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Old 08-31-2007, 12:27 PM   #91
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Good point Big Bob

I can tell you from personal experience, the "300 sq. ft." claimed is being extremely generous

Actual application in the real world is a little over 200
...240 best case

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Old 09-01-2007, 09:14 PM   #92
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Just a quick comment on Pitt's Manor Hall. We painted our home with this product eight years ago, and it still looks as good as the day it was done. We live in the Minneapolis area so we have the extremes of harsh winters and brutal summers. We plan to paint again next summer because the calendar tells me we are living on borrowed time. You can be assured that we will be using Manor Hall again, provided today's formulation is the same as eight years ago. Is it?
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Old 12-23-2007, 09:27 PM   #93
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Qoute:
Originally Posted by MasterStrokes
"People are actually returning it and getting refunds if they complain to higher powers. I’d rather inform a client of its potential problems and the proper way to get a refund instead of taking a chance with a product known to cause problems."

I just bought $400 worth of behr paints and it looks like I am having similiar problems. I had a friend, not a pro painter, paint some rooms in my basement and it took him several coats to get the paint. Now I have hired a pro painter and he frowned at the thought of using behr paint. He said he would used if he had to but he hates it. Anyways my question is to MasterStrokes. How would you advise me to go about getting refund. I bought it at Home Depot. I saved $7 a gallon on their sale in November....didn't do my research :-( Any advise would be helpful.
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Old 12-24-2007, 07:13 AM   #94
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I cant think of one good quality BHer has

That's because there are none.
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Old 12-24-2007, 09:23 AM   #95
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[quote=StrokeOn;60639]
Quote:
Originally Posted by MasterStrokes View Post
Honestly I’ve had problems with Behr every time I’ve used it. It’s difficult to apply uniformly. You have to push the paint across the surface because it’s too thick. It dries too fast and leaves paint build up spots where the roller overlaps with the cut in. It dries flashy leaving dull and shiny spots when looking down the length of a wall. It smells like ammonia. I’ve seen the junk sag when applied heavily. It has virtually zero leveling power on horizontal surfaces.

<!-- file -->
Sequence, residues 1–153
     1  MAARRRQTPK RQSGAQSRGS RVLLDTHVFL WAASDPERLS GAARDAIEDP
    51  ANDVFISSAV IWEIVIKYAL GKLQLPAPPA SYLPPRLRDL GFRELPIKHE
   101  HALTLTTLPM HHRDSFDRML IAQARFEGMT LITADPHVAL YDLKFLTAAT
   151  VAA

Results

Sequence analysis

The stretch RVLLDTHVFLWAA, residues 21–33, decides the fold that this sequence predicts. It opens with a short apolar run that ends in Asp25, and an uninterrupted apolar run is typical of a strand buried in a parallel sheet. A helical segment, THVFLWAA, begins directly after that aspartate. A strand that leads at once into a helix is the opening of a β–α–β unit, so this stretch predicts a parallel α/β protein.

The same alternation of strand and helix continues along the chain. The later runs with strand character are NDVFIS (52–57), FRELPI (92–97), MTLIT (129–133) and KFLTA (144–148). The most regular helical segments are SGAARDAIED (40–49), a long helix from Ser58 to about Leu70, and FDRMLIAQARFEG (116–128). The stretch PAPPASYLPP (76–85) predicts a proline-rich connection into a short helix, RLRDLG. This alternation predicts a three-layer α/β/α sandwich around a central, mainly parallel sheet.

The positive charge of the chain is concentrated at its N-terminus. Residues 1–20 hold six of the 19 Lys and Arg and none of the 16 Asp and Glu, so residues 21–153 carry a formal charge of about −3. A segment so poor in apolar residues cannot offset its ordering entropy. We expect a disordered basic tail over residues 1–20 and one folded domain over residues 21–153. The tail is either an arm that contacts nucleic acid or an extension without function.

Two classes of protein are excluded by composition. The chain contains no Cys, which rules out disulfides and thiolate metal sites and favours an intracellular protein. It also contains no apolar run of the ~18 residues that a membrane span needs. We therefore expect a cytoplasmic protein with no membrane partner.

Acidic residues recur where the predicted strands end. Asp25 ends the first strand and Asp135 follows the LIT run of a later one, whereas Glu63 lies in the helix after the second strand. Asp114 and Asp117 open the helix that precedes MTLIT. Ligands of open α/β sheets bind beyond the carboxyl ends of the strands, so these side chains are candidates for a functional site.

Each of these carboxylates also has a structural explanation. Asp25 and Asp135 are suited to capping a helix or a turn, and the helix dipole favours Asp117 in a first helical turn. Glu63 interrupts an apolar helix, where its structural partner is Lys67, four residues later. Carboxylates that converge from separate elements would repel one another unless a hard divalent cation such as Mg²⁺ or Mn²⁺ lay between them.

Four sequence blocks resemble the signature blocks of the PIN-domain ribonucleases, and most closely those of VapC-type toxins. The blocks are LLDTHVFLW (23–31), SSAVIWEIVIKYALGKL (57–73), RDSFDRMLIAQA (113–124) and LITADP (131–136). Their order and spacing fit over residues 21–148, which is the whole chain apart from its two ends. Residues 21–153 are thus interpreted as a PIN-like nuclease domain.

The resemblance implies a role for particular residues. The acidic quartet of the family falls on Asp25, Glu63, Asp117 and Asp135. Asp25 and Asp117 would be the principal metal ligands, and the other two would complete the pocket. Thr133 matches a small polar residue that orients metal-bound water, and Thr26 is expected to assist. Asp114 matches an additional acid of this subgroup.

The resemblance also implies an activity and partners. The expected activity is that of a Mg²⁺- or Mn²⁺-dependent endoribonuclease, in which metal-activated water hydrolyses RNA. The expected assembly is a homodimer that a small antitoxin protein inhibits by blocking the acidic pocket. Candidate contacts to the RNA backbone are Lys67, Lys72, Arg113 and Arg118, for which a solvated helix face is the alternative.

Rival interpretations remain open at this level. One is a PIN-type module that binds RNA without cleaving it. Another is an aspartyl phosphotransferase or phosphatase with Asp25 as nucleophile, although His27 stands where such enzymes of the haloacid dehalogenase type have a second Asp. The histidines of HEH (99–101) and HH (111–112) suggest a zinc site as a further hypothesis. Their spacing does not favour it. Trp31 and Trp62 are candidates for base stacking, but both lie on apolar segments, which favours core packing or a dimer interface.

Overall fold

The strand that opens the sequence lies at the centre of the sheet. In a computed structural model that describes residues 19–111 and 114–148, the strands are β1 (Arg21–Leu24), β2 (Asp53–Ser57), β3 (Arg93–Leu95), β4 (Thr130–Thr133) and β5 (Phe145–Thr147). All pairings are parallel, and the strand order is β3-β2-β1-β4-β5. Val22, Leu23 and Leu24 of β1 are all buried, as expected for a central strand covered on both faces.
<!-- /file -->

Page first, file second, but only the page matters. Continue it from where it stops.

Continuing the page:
Quote:
Originally Posted by MasterStrokes View Post


When you have had the problems with the Behr paint drying quickly how did you work around that problem?
Currently I am helping my Aunt and she prefers Satin Enamel and I am getting impatient because by the time I cut and roll there is that run and if I roll first and try to cut - even when I do just a small section then the paint dries enough that there is a clear demarcation between the rolled section and the cut section.
If there is a good way to do that - when you already have the paint, I would appreciate it. I have worked with many different paints - Color Wheel, Porter,American Tradition, different brands of Semi Gloss but never worked with Satin Enamel before and don't think I will ever do so again unless this paint can make me feel good about the finished product. I believe in perfectly good job
Thanks much in advance
There is a product called Floetrol which is a conditioner for latex paints. A similar product with a different name is available from the same company for oil based paints. You can buy Floetrol at HD, Lowes and pretty much any paint supply house. It is an excellent conditioner that retards drying and relaxes the paint so that it flows more easily and so that brush marks dissipate and blend, preventing lap marks as the paint relaxes. It's near impossible to paint with any latex paint, especially enamels, here in the AZ desert outdoors without adding it to slow up the drying long enough to allow the paint to smoothen out and dry more naturally. A gallon is around $14 and it goes a long, long way. Doesn't interfere with the color of the paint or its coverage. I keep it on-hand at all times.
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Old 12-24-2007, 09:47 AM   #96
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Behr paints are not my favorite but many of the brand names nentioned in this thread are either not readily available in the AZ marketplace or just as "iffy" on the end results. With desrt heat and A/C 9 months of the year, latex paints will all dry too quickly and leave brush and roller (lap) marks, missed or thin spots, etc. I've realized that without adding Floetrol, it's virtually impossible to achieve uniform and satisfactory results.